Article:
Reaching the campground, we were pleased that it existed and that they had basic facilities, showers, an undercover area, a small kitchen and a gravel area to pitch our tent on (avoiding the muddy grass areas). 

Once unpacked, showered and pitched, we noticed a supermarket across the road and rushed over to purchase a few goodies for dinner (just in time too, as it was 5.50pm and it closed at 6pm). 

We ate dinner and settled in for the night. 

Day 62 – Alpokalja Kemping, Szentgotthard (Hungary) to Olimpija Guesthouse, Dolga Vas (Slovenia)

The day started with heavy low mist, which meant the tent was wet. We left it hanging out to dry whilst we shopped for groceries at the store across the road. Vanessa hung around the bakery section pretending to buy bread whilst trying to warm herself up. 

The mist hadn’t cleared much and the tent was still wet by 10.30am but we were fed up hanging around so we set off anyway. We headed through the, larger than expected, town of Szentgotthard then followed the Eurovelo 13 sign towards a village with a very long name beginning with ‘A’ marked in our Eurovelo 13 book approx 8km due south.

We cruised along a flat road for almost half an hour, by which time the mist cleared enough for the sun to peep out and for Jon to realise we were headed West rather than South. A quick look on Mapsme confirmed that the Eurovelo 13 signs had directed us towards the village of Alsoszolnoki rather than Apatistvanfalva and, to make matters worse, there was no obvious route between the two…damn!! We therefore had to backtrack 6km to Szentgotthard and start again.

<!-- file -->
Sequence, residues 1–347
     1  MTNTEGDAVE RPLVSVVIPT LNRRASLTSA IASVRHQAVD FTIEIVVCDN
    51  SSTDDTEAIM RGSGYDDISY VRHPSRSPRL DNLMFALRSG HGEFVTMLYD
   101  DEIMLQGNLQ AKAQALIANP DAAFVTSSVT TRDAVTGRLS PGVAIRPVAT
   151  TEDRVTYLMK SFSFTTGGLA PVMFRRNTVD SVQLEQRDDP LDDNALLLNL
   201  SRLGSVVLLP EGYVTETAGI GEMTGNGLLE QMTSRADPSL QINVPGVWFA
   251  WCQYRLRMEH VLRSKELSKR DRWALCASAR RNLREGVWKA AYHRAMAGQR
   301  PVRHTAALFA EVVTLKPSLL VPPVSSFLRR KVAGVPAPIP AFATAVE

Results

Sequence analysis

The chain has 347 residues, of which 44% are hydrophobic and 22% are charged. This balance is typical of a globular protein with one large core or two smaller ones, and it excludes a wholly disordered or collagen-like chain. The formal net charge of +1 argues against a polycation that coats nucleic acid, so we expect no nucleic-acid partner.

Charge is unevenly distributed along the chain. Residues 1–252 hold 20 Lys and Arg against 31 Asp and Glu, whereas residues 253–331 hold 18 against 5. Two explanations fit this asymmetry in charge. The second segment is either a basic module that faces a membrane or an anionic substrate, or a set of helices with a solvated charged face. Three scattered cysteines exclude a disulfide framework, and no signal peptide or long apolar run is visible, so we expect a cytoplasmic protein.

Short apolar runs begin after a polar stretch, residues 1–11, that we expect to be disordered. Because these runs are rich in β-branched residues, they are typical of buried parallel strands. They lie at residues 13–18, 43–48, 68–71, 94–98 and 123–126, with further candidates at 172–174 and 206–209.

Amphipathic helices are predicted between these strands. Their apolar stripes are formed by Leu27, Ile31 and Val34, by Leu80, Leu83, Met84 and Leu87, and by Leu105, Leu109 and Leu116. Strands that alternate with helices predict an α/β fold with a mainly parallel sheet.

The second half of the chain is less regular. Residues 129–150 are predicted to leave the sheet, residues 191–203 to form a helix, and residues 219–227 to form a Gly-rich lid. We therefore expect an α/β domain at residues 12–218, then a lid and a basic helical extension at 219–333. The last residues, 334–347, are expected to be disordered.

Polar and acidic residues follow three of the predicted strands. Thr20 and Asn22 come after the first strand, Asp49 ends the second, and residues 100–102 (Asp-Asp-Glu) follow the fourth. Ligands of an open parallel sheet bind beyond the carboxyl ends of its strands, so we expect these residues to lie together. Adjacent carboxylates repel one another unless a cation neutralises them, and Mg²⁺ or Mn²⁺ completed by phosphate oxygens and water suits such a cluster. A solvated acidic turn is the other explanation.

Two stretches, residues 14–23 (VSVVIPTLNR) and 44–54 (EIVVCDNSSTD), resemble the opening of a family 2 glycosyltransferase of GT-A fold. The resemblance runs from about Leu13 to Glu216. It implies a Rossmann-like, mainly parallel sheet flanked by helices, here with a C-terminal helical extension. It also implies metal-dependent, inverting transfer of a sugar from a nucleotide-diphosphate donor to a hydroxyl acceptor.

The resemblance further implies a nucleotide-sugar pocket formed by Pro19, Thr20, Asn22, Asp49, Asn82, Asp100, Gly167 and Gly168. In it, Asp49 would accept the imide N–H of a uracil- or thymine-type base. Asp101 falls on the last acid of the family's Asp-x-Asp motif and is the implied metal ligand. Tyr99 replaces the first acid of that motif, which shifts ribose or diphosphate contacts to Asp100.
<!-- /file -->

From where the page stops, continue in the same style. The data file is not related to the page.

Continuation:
Actually this was not the first time the Eurovelo signs and the book had differed. We have now made a conscious effort to follow the book when this happens but this time we were caught out because neither of us bothered to note the second letter of the village with the long name beginning with ‘A’!

By midday we were back in Szentgotthard and set off in the right direction…yippee! We had a few steep hills to climb (during one of these climbs Vanessa felt ready to vomit) together with equally steep descents but the conditions were pretty good with next to no wind and temperature in the high teens. 

By 1pm we crossed the border into East Slovenia. Unfortunately our route meant we would only be in Slovenia for a day or two but we planned to revisit the country on our way back at the end of our cycle trip :-).

We passed many fields of pumpkins and the odd pumpkin person. After covering nearly 30km (plus our morning diversion) we stopped at a bus shelter in the village of Domanjsevci for lunch. As the sun was out we pulled the (still wet) tent out and hung it to dry before setting off again.

The rest of the day went pretty much to plan…other than Jon managing to break his sunglasses (again). We had a couple of brief hills to get over before a flat 20km to the Slovenian town of Lendova, where we planned to stay. We were pleased that this 20km was quiet and had a bike path some of the way, as our book indicated it had moderate traffic.

2km before Lendova we passed a small guesthouse with a downstairs bar/restaurant in the village of Dolga Vas. As the overnight forecast was for heavy rain and the cost of a room was pretty good (compared to Austrian prices) we opted to stay there rather than camp. A good decision as it turned out.